From the news release of the American Association for Justice.

 

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Processed Carbs, Sugary Drinks May Increase Risk of Breast, Prostate Cancers

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HealthDay reports new research suggests that people “who consume a lot of processed carbohydrates” and “sugary drinks may face heightened risks of breast and prostate cancers.” Researchers analyzed data from 3,200 US adults whose diet habits and cancer rates “were tracked for more than 20 years” and found that during that time, “565 people were diagnosed with cancer.” The preliminary findings were presented on Tuesday at the American Society for Nutrition annual meeting in San Diego.

From the news release of the American Association for Justice.

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FDA Warns Overdosing on Anti-Diarrhea Drugs Can Cause Fatal Heart Problems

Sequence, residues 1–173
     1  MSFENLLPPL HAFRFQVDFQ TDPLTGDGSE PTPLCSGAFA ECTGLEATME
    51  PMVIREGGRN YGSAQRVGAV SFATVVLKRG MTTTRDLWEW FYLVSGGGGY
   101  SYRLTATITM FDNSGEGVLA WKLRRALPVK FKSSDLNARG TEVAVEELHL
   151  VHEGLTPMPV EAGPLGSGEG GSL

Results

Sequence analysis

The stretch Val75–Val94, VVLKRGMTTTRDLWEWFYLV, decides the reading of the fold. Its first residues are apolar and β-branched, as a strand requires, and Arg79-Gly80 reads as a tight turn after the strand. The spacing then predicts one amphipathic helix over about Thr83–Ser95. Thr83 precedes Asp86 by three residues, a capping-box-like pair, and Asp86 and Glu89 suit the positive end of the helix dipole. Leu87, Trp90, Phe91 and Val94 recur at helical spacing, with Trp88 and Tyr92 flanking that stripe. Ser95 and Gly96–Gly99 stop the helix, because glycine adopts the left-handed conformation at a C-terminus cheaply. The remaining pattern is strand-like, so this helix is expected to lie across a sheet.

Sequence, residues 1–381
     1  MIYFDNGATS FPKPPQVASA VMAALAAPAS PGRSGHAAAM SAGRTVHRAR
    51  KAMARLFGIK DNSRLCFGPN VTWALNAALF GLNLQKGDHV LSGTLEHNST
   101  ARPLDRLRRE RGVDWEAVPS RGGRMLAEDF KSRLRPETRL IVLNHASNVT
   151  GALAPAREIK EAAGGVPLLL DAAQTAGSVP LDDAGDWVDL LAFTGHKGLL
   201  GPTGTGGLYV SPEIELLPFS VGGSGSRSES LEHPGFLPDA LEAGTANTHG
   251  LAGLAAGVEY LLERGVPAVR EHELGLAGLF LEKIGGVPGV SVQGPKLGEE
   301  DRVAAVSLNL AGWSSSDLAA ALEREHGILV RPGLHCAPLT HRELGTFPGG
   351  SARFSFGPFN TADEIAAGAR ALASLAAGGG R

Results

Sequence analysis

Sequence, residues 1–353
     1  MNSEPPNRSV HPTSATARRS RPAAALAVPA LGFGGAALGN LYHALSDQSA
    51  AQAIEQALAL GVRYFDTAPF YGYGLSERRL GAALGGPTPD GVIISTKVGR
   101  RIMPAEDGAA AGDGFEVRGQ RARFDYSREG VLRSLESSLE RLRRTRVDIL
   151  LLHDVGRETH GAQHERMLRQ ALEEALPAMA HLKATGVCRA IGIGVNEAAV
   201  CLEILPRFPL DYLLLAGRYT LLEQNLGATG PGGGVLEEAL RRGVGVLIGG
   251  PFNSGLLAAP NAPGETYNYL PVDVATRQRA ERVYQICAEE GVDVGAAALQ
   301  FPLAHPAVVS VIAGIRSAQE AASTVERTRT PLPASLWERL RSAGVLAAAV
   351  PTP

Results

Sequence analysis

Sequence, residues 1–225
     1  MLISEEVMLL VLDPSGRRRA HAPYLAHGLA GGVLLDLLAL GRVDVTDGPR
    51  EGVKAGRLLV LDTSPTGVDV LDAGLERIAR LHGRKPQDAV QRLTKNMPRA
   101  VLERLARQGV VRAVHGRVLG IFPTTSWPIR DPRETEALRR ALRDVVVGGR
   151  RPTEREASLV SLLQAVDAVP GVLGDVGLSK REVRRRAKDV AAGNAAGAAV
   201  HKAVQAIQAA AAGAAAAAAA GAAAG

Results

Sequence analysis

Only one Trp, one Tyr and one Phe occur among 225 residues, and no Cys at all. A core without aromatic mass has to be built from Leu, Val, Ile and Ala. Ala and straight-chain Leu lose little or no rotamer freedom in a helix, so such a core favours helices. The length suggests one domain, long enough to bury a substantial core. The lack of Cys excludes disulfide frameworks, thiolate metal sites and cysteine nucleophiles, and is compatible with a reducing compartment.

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The AP reports that the Food and Drug Administration warned Tuesday that common anti-diarrhea drugs, such as prescription Imodium (loperamide) and related over-the-counter drugs, “can cause potentially deadly heart problems when taken at higher-than-recommended levels.” According to the agency, abusers try to achieve highs by taking up to 300 milligrams at once, far in excess of the recommended 8 to 16 milligrams per day. According to the AP, “the agency has received 31 reports of people hospitalized due to the heart problems, including 10 deaths over the last 39 years.”

MedPage Today reports that “taking loperamide with drugs that interact with it, including ranitidine (Zantac), increases the risk.” Also covering the story are the Wall Street Journal, the NBC News website, Medscape, Cassels, Healio, and HCP Live.

From the news release of the American Association for Justice.